Preliminary results show that various family, parent and child characteristics influence response to training. Variables such as socioeconomic status, family support, severity of autism and challenging behavior impact a family's ability to succeed with these types of interventions, Raulston said. Caregiver characteristics such as predisposition to mental health illnesses also can influence results.

"Depending on the state of residence, children with autism may only receive early intervention home visits a few times per month and depending on their insurance plan, they may not receive intensive ABA therapy at all," she said. "Access to services is especially an issue for those who live in rural areas or experience other barriers."

There also is a shortage of ABA behavior health service providers, which means that families are often placed on waitlists. Because of this, Raulston strived to develop a flexible program that included components such as instructional videos that parents complete on their own and could be facilitated either by educational and behavioral health practitioners in person or online.

"Strategies based in the science of ABA are effective to treat challenging behavior in young children with autism. But a lot of times ABA is applied in a clinical-based setting and parents have reported that they're not able to adhere to the strategies over time, which makes them not sustainable and, therefore, less effective."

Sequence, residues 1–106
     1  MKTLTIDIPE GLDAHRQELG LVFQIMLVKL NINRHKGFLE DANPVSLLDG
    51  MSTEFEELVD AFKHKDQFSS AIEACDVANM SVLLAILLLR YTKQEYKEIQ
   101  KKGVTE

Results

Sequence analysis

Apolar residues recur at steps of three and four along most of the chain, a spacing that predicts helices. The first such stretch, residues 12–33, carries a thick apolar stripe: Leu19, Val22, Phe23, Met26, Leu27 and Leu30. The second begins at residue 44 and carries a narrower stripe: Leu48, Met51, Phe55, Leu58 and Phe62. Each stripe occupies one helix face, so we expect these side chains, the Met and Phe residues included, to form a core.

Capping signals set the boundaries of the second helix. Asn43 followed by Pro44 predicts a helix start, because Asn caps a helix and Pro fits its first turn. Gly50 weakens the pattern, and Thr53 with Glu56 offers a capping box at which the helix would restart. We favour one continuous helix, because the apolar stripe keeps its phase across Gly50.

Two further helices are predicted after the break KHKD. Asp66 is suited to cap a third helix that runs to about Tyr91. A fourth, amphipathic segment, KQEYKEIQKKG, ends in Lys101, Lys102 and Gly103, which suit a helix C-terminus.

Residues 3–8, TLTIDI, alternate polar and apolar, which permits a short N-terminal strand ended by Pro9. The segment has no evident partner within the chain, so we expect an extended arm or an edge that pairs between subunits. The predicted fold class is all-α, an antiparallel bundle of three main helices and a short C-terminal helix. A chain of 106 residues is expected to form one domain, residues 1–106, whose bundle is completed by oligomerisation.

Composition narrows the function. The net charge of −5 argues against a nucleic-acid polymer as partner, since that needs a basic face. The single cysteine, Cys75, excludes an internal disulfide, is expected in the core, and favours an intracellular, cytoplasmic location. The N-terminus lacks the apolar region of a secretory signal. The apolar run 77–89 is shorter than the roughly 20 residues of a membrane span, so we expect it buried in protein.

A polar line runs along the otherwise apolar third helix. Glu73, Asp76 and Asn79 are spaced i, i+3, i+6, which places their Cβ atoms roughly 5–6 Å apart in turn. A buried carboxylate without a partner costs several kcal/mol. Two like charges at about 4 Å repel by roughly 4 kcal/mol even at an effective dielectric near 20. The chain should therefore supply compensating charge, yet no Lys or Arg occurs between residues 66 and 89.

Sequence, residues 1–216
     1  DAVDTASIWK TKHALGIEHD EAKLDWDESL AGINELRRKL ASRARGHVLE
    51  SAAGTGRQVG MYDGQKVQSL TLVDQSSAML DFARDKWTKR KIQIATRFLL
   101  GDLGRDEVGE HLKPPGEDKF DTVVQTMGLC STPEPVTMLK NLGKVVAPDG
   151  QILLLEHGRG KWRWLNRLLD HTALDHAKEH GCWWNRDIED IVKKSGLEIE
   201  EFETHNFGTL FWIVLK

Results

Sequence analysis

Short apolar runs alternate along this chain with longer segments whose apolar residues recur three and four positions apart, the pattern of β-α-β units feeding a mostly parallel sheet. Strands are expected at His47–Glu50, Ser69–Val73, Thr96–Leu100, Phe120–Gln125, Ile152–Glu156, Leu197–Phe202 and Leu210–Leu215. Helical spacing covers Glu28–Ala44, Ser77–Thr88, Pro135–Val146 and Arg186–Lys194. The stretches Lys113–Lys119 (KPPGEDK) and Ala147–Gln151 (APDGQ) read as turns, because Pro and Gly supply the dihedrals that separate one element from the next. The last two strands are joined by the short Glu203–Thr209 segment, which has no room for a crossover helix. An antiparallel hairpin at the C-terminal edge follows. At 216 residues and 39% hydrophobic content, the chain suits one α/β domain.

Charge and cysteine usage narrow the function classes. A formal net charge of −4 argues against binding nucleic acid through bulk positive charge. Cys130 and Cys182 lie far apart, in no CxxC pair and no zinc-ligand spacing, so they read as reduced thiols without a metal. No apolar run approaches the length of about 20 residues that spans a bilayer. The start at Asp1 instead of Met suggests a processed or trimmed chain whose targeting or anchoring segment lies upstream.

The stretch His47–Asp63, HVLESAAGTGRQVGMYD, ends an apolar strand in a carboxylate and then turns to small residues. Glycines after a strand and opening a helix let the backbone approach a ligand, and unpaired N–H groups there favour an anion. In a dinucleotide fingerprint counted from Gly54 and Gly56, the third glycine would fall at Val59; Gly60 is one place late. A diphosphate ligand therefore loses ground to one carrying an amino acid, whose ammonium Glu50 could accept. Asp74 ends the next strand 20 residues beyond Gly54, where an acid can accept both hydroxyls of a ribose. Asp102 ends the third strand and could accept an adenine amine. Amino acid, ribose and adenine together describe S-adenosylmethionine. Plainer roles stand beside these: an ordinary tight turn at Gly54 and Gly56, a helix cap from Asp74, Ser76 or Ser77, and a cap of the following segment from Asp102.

— Tracy Raulston, assistant professor of education (special education)

"Practiced Routines is different because its focus is on training parents in ABA and mindfulness strategies within the context of family routines to help with their child's challenging behavior and parent stress at the same time, not providing direct services," Raulston said. Raulston argues that the addition of mindfulness training may enable a parent to maintain behavior strategies over time, which may make it more sustainable.

"We found that parents reported increasing their behavioral strategy use," Raulston said. "That means things like reinforcement, praising positive behavior, rearranging the environment using proactive strategies and teaching the child replacement skills. Also, parents reported that their stress decreased as did their child's challenging behavior."

It's important to look at the effects of parent training programs in home and family settings, Raulston said, because that is where children spend most of their time. "If a child is with a parent or caregiver the majority of their time, it is arguably most important to train the parent."

"We're hoping to find ways that we can treat both challenging behavior and parent stress at the same time to hopefully help parents sustain and adapt practices over time as their child develops and changes."

With autism rates on the rise — currently, one in 58 children are diagnosed with ASD in the United States — and a shortage of practitioners, it is increasingly important to find ways to reach families, especially those families on wait-lists, vulnerable families who rely on the educational system and for whom services are very low in dose, Raulston said.

"We need programs that can possibly prevent challenging behavior and stress from getting worse so that we can prevent children with ASD from developing chronic problem behaviors, social skills problems and academic problems, and so that we can help families live happier lives," she said.

By Jessica Buterbaugh (November 2018)